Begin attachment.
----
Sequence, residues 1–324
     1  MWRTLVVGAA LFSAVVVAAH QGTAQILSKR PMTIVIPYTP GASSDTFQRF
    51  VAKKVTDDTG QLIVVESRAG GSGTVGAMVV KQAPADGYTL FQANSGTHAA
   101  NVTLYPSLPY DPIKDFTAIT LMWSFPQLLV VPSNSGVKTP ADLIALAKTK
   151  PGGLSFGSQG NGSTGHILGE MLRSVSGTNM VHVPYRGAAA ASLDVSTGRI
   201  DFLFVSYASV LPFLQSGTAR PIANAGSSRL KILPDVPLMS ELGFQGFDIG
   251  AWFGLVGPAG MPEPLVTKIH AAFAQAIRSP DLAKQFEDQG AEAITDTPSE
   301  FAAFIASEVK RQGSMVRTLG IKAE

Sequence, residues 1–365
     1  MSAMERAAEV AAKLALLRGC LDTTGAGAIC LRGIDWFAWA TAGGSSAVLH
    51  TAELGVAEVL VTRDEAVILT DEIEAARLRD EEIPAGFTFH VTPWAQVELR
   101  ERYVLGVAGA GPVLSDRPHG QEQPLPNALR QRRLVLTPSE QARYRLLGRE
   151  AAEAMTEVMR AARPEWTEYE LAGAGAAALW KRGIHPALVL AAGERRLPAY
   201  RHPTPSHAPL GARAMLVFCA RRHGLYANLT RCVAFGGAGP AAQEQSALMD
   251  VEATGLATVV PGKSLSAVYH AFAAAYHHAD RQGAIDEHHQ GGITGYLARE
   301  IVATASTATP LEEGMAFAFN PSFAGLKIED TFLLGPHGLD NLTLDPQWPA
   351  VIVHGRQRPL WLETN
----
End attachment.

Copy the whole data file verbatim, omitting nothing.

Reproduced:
Sequence, residues 1–324
     1  MWRTLVVGAA LFSAVVVAAH QGTAQILSKR PMTIVIPYTP GASSDTFQRF
    51  VAKKVTDDTG QLIVVESRAG GSGTVGAMVV KQAPADGYTL FQANSGTHAA
   101  NVTLYPSLPY DPIKDFTAIT LMWSFPQLLV VPSNSGVKTP ADLIALAKTK
   151  PGGLSFGSQG NGSTGHILGE MLRSVSGTNM VHVPYRGAAA ASLDVSTGRI
   201  DFLFVSYASV LPFLQSGTAR PIANAGSSRL KILPDVPLMS ELGFQGFDIG
   251  AWFGLVGPAG MPEPLVTKIH AAFAQAIRSP DLAKQFEDQG AEAITDTPSE
   301  FAAFIASEVK RQGSMVRTLG IKAE

Sequence, residues 1–365
     1  MSAMERAAEV AAKLALLRGC LDTTGAGAIC LRGIDWFAWA TAGGSSAVLH
    51  TAELGVAEVL VTRDEAVILT DEIEAARLRD EEIPAGFTFH VTPWAQVELR
   101  ERYVLGVAGA GPVLSDRPHG QEQPLPNALR QRRLVLTPSE QARYRLLGRE
   151  AAEAMTEVMR AARPEWTEYE LAGAGAAALW KRGIHPALVL AAGERRLPAY
   201  RHPTPSHAPL GARAMLVFCA RRHGLYANLT RCVAFGGAGP AAQEQSALMD
   251  VEATGLATVV PGKSLSAVYH AFAAAYHHAD RQGAIDEHHQ GGITGYLARE
   301  IVATASTATP LEEGMAFAFN PSFAGLKIED TFLLGPHGLD NLTLDPQWPA
   351  VIVHGRQRPL WLETN